This is part 11 of a series on the evolution of human mating behavior. Please see the introduction here.
“When the gods gave people sex, say the !Kung, they gave us a wonderful thing. Sex is often referred to as food: just as people cannot survive without eating… hunger for sex can cause people to die.” (Shostak 2000: 237)
“sex can be many things to many people, including but not limited to a blend of personalities, social rules, desire, intimacy and performance, moral order and national image that speak to processes of sexual embodiment, varieties of sexual practice and the dynamics of culture.” (Donnan and Magowan, 2010: 175)
E unum, pluribus. (Out of one, many).
For humans, sex is more complex than just getting genitals together. Genital-themed ashtrays from the Komaki Penis Festival in Japan (globalpost.com).
Last month, representatives in Montana debated whether to repeal an old law that made homosexual sex illegal in that state (the law was in fact overturned). Apart from the fact that private, consensual sexual behavior is still considered a matter to be legislated, there were other interesting developments from the discussion. A representative named Dave Hagstrom raised a deep question when he asked: “What is the purpose of sex?” I appreciate Hagstrom’s line of inquiry, as we could probably use more reflection on human sexuality. Unfortunately his own answer did not live up to the profundity of the question:
“To me, sex is primarily purposed to produce people. That’s why we’re all here. Sex that doesn’t produce people is deviate. That doesn’t mean it’s a problem, it just means it’s not doing its primary purpose.”
Here’s a reprieve from the bombardment of bad news and encroaching cynicism. Thank you, Russians and your dash-cams.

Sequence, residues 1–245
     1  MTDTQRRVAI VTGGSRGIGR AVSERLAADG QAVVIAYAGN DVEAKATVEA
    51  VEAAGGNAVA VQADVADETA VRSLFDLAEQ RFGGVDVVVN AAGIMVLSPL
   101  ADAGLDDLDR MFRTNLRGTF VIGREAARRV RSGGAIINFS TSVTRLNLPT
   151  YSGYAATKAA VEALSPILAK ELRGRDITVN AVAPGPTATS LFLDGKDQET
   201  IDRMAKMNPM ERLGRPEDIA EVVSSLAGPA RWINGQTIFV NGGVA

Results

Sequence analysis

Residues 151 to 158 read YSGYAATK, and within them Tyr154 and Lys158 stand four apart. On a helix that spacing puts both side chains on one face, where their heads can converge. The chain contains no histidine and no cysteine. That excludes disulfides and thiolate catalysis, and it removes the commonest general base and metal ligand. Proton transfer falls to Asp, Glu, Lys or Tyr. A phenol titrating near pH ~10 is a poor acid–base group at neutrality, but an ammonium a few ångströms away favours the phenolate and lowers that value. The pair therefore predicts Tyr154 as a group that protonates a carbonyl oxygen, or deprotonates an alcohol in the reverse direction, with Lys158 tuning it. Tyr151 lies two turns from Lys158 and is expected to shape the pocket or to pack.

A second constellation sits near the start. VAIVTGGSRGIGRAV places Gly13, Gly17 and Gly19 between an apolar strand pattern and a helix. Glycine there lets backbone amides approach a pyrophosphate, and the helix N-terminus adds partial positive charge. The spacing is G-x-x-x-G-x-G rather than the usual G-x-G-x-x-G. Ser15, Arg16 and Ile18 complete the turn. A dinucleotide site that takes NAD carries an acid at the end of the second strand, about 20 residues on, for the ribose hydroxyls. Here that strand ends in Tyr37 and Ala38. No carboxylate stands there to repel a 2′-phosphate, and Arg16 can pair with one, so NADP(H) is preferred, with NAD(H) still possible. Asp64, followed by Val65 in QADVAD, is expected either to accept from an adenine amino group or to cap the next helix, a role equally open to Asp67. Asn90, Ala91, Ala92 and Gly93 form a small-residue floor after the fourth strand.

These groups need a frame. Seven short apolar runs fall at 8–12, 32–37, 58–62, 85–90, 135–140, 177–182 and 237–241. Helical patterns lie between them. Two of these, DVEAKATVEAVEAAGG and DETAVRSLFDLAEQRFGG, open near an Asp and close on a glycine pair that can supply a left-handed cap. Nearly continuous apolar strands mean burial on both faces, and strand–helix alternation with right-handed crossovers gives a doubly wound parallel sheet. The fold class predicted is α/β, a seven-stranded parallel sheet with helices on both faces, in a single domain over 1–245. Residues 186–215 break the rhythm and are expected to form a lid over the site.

Related: Optimism and Human Nature
Cover of ‘Boston Magazine,’ by Mitch Feinberg
Less than a week after the Boston Marathon bombings, which left 3 people dead and over 280 injured, Cardinal Sean O’Malley emphasized the importance of forgiveness during Mass at the Cathedral of the Holy Cross. According to the Boston Globe, Cardinal O’Malley gave two reasons to consider forgiveness. The first, spoken to the congregation during the homily, was to avoid the “eye for an eye, tooth for a tooth mentality.” In that way, forgiveness offered a potential means to avoid further hostilities between groups. In fact, local tensions seem to be simmering. O’Malley was likely cognizant of this, hoping to help defuse things before they progressed any further.
I’m at a loss as to how to properly address yesterday’s tragedy here in Boston, on Patriots’ Day. Following the attacks at the marathon and a nearby scare for our neighbors at the JFK Library, our university was closed yesterday afternoon and for most of the day today as a precaution. I’ve been wondering how to we’ll get back to normal so soon after the event. Do we ignore it, and go on as if nothing happened, or address it head on? I don’t know, and will probably make some gut decision during tomorrow’s morning commute.
I’ve liked this for a long time. That is all.
“For the great enemy of the truth is very often not the lie—deliberate, contrived, and dishonest—but the myth—persistent, persuasive, and unrealistic. Too often, we hold fast to the clichés of our forebears. We subject all facts to a prefabricated set of interpretations. We enjoy the comfort of opinion without the discomfort of thought.”